Hong Kong Horse Racing



Happy Valley Racecourse

Most midweek meetings take place in the city venue of Happy Valley, where the tight and twisty circuit plays host to spectacular night meetings under lights. Happy Valley nowadays has only got a turf surface and with its unique characteristics, horses need to have an adaptable racing style to do well.

Shatin Racecourse

The modern Shatin racecourse hosts the majority of meetings in Hong Kong, including all Group One races. It’s a spacious and almost completely flat course, with two types of racing surfaces (turf and all-weather). Shatin caters to the racing preferences of most horses, giving all contenders a fair chance of winning in any given race. Race distances in Hong Kong range from 1000 meters to a maximum distance of 2400 meters and fields are no larger than fourteen horses.

Hong Kong Handicap System

With a population of around 1,100 horses from around the globe, Hong Kong racing works under an easy to understand handicap system, where gallopers gain or lose rating points from their performance on the racecourse. Every horse in Hong Kong has a rating score and they progress up or down a ‘class’ depending on their current mark. There are five classes in Hong Kong (1, 2, 3, 4 and 5), with one being the highest rated group and five the lowest. The class band in Hong Kong is set around a 20 point interval. The Jockey Club allocates horses into different races in relation to their rating. Any horse which has a rating of 95 or over is eligible to run in pattern races and just like other major racing jurisdictions around the world, Hong Kong has a program of Group One, Two and Three races for its elite gallopers.

Hong Kong Group One Races

Fourteen Group One races are run in Hong Kong each season, with the Hong Kong International Race day in December being the richest and most important meeting of the year. Domestically, the Hong Kong Derby, run in March, is considered the most prestigious race for local owners and holds a lot of public appeal. The HK Derby is a completely unique event. Only four-year olds training in Hong Kong are eligible to compete. As Hong Kong has its fair share of Northern Hemisphere and Southern Hemisphere imports, the four-year old age is deemed suitable for horses from both hemispheres to race on equal terms.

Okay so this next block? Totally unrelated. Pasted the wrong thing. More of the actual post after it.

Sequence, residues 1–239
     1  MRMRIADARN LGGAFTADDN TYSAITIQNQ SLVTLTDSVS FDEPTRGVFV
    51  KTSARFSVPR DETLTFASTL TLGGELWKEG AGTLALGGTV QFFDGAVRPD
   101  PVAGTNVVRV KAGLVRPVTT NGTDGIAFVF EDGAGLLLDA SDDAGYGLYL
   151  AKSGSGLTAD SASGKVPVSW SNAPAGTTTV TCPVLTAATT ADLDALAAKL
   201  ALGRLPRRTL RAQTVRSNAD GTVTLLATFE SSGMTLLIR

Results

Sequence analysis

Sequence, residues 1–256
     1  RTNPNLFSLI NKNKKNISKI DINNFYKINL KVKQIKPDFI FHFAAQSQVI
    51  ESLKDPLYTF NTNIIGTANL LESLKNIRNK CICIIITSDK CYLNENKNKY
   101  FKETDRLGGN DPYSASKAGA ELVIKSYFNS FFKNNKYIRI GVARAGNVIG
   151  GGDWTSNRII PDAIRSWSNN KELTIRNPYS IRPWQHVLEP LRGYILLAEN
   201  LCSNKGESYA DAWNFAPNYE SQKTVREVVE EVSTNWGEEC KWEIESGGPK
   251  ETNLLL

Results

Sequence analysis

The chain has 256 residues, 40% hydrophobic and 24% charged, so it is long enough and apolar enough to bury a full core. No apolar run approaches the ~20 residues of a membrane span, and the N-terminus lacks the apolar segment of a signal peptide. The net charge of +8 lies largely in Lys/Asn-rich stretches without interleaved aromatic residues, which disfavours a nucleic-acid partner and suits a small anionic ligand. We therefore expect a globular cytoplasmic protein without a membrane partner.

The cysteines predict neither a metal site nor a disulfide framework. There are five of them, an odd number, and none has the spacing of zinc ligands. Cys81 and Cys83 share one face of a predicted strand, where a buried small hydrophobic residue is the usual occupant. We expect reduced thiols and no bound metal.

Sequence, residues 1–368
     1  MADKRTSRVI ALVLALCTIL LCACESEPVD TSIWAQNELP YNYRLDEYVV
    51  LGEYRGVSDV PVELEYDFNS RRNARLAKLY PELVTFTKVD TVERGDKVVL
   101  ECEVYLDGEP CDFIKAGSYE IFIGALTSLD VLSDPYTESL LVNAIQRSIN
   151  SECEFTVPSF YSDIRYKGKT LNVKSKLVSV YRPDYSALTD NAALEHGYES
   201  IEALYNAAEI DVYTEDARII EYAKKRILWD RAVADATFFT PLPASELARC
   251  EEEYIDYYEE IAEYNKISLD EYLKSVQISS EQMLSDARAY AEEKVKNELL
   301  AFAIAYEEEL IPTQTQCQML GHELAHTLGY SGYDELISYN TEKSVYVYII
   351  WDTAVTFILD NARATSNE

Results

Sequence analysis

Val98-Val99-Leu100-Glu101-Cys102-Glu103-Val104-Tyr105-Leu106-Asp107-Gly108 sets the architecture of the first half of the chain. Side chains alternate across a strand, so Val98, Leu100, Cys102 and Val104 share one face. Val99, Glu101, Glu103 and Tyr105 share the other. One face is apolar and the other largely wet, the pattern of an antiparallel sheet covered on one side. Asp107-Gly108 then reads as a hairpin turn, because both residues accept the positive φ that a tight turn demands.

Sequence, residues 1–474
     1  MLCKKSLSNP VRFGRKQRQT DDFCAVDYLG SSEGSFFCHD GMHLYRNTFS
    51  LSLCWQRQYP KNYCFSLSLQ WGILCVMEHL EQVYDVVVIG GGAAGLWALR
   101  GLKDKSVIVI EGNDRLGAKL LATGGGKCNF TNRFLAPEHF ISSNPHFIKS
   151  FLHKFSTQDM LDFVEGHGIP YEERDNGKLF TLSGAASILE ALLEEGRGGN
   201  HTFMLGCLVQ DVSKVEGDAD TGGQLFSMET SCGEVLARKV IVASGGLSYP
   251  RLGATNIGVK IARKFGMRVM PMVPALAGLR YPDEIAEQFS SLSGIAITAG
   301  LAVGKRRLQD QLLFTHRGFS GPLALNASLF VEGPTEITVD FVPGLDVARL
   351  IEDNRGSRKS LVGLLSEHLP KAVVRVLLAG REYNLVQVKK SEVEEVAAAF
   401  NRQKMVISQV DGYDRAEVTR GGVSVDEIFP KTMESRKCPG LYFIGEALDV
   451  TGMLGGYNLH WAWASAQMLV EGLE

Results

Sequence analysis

Hong Kong Racing Trainers

Hong Kong attracts some of the world’s finest trainers. World renowned horse handlers such as Paul O’Sullivan (New Zealand), Andrea Schutz (Germany) and David Ferraris (South Africa), are now based and apply their expertise in Hong Kong. The Australian contingent is dominated by John Moore (son of legendary jockey George Moore), David Hall (the original trainer of Makybe Diva) and the ever hardworking horseman John Size, who has won five of the last seven trainers’ premierships in the territory.

Local trainers also make their presence felt with the likes of Dennis Yip, Danny Shum and Almond Lee constantly bringing home winners throughout the season. Hong Kong racing’s favorite son Tony Cruz, who has achieved fame worldwide as a jockey in Europe throughout the 1980s, now puts his magic touch on horses as a trainer and he continues to be a dominant figure in the Hong Kong racing scene, especially when major races are being run.

Hong Kong Racing Jockeys

The roster of riders in Hong Kong reads like an Academy Award nomination list for the best jockeys in the world. French jockeys Gerald Mosse and Eric Saint-Martin are two of the best big race riders in their homeland, having each won an Arc De Triomphe and a host of other major races in their respective careers. They are now a permanent fixture for racing in Hong Kong and are joined by fellow countryman Olivier Doleuze, who is famous for his celebrations after the post whenever he lands a winner.

Since the late 1980s, South African jockeys have had a long history of success in Hong Kong and the nation is currently represented by Douglas Whyte, Anthony Delpech and Felix Coetzee. Whyte has been the leading rider in Hong Kong for the last seven seasons and his immaculate approach to his job is something to be marveled at. Australasia is the source of some of the most talented jockeys and in Hong Kong, the continent is represented by Brett Prebble, Glen Boss, Zac Purton and the one and only Shane Dye. Throughout the course of the season, other great jockeys from around the world such as Frankie Dettori, Christophe Soumillon, Yutaka Take, Damien Oliver and Mick Kinane may make invited or short-term appearances, which further boost the level of competitiveness in the jockey’s rank.

Hong Kong Racing – World Class Competition

Because of the competitive nature of jockeys, trainers and the class system, Hong Kong races are often fought out in close finishes. Horses that have just won may not be competitive again in their following start and vice versa. Horses that do not do well for a period will get some relief in the handicap and can be competitive again in the future. Finding a winner is always a challenge, but the structure and flair of Hong Kong racing makes finding one in this racing mad city a little easier and a whole lot of fun!